Guest Post: An Annotated Chapter of PURE CHOCOLATE by Amber Royer (Angry Robot Books)

RoyerA-C2-PureChocolateFirst chapters are hard, you guys. First chapters of sequels – doubly so.

And first chapters for a ‘verse where you’ve built in complicated linguistics and alien cultures with questionable morality? Well… you still have to start somewhere.

There’s a balance with sequels. You don’t want to bore the reader who just finished the previous book, and you don’t want to stall getting started telling the story to re-cap what is now backstory. But you don’t want to people to feel like they walked into the “middle of the movie” either.

I’ve been a writing instructor for UT Arlington for the past eleven years, so I’m sure if some of my students read this, they’ll get a kick out of seeing me pick apart my own work instead of theirs.

Some of what I’m about to say will be bordering spoiler territory, but I’ll try to keep it vague.

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Guest Post: “Interview with the Gumshoe” by Graham Edwards

EdwardsG-AuthorPicI knew I shouldn’t have gone to that bar. There I was, sitting on a stool staring down a shot of Southern Comfort, when in he walked – a weary-looking gumshoe wearing a crumpled fedora and tattered leather coat.

I knew him at once, and why wouldn’t I? He was the hero of my new novel, String City, large as life and looking mad as hell. What follows is a transcript of our conversation. I’ve called it an interview, but really it wasn’t.

It was an interrogation.

GUMSHOE: What in the name of Hades do you think you’re playing at?

GRAHAM EDWARDS: I’m sorry?

GUMSHOE: (pulling a copy of String City from his coat pocket) You think this is funny? Continue reading

Upcoming: THE WATER DANCER by Ta-Nehisi Coates (One World/Hamish Hamilton)

CoatesTN-WaterDancerUSI’ve been reading Ta-Nehisi Coates‘s journalism for some time — mainly via The Atlantic — and have enjoyed his non-fiction books and also his brief run on Marvel’s Black Panther comic series. Earlier today, I spotted the cover for The Water Dancer, the author’s upcoming new novel. The premise sounds pretty interesting, so I’m looking forward to reading the novel later this year:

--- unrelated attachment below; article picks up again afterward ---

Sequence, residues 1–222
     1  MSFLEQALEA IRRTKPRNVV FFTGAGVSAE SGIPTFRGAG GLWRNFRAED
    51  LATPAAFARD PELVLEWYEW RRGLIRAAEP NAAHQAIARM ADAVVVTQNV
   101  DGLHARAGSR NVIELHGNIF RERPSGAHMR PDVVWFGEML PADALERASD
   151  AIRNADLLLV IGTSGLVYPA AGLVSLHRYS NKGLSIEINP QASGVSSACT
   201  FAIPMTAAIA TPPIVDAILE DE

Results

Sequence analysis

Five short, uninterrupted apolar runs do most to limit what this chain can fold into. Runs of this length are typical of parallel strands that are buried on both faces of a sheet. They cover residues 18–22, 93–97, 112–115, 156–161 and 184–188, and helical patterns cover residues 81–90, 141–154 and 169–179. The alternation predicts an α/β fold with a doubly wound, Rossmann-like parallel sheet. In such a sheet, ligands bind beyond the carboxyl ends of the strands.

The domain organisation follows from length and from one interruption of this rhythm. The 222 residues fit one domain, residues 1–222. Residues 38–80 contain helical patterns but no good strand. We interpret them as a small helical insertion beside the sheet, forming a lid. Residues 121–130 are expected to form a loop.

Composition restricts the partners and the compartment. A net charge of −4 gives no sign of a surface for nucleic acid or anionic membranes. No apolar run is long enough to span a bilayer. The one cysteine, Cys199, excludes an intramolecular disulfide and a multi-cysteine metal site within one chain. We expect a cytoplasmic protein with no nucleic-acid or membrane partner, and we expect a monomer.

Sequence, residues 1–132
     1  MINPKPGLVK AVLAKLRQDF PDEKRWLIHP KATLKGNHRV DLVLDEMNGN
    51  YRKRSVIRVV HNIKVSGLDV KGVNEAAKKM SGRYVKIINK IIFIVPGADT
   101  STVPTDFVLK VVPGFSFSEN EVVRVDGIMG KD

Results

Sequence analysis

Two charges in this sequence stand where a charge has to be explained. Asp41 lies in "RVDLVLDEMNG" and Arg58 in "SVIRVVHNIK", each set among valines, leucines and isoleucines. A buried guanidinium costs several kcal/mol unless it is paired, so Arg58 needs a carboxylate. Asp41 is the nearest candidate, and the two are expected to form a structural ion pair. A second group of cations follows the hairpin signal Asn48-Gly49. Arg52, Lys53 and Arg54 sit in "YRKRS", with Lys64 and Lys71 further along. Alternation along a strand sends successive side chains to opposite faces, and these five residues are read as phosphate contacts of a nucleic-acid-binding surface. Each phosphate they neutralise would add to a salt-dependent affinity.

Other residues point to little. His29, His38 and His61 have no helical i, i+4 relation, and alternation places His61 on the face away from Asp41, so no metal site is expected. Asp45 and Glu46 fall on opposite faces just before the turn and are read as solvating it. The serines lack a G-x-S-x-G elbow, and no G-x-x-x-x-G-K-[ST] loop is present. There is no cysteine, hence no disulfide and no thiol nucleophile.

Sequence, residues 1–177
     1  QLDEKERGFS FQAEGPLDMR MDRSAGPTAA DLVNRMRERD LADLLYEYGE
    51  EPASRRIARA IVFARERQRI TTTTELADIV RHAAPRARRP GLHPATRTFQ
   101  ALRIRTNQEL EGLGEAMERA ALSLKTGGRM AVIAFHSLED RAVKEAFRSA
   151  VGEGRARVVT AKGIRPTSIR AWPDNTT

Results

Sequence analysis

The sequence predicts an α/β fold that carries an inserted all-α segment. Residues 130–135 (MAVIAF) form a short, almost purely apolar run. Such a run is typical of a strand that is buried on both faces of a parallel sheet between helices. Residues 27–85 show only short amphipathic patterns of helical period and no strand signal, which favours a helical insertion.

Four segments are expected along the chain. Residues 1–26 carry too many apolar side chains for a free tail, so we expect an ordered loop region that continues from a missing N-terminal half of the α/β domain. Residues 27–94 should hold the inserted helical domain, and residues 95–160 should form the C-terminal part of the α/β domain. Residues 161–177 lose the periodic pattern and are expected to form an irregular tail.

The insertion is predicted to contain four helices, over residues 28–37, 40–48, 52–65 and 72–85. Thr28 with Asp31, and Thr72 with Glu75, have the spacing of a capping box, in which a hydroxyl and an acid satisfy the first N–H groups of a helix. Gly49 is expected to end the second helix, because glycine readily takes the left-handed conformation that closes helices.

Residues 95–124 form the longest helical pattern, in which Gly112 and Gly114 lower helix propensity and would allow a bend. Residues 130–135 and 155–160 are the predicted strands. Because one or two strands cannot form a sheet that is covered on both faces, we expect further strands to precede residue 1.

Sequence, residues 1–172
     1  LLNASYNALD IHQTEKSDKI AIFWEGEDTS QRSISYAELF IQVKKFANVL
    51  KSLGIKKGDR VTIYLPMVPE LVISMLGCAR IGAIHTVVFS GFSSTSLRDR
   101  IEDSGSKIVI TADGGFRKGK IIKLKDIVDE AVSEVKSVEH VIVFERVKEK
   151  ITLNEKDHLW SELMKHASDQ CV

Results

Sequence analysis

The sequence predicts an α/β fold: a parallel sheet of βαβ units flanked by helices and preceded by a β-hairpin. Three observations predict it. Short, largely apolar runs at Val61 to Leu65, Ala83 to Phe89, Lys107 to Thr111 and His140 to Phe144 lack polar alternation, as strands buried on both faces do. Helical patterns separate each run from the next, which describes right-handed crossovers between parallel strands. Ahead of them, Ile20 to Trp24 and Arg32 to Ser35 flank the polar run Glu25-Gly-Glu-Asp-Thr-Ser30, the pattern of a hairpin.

A boldly imagined work of magic and adventure from the National Book Award-winning author of Between the World and Me.

Young Hiram Walker was born into bondage — and lost his mother and all memory of her when he was a child — but he is also gifted with a mysterious power. Hiram almost drowns when he crashes a carriage into a river, but is saved from the depths by a force he doesn’t understand, a blue light that lifts him up and lands him a mile away. This strange brush with death forces a new urgency on Hiram’s private rebellion. Spurred on by his improvised plantation family, Thena, his chosen mother, a woman of few words and many secrets, and Sophia, a young woman fighting her own war even as she and Hiram fall in love, he becomes determined to escape the only home he’s ever known.

So begins an unexpected journey into the covert war on slavery that takes Hiram from the corrupt grandeur of Virginia’s proud plantations to desperate guerrilla cells in the wilderness, from the coffin of the deep South to dangerously utopic movements in the North. Even as he’s enlisted in the underground war between slavers and the enslaved, all Hiram wants is to return to the Walker Plantation to free the family he left behind — but to do so, he must first master his magical gift and reconstruct the story of his greatest loss.

This is a bracingly original vision of the world of slavery, written with the narrative force of a great adventure. Driven by the author’s bold imagination and striking ability to bring readers deep into the interior lives of his brilliantly rendered characters, The Water Dancer is the story of America’s oldest struggle — the struggle to tell the truth — from one of our most exciting thinkers and beautiful writers.

Ta-Nehisi Coates’s The Water Dancer is due to be published by One World (North America) and Hamish Hamilton (UK) in late-September 2019.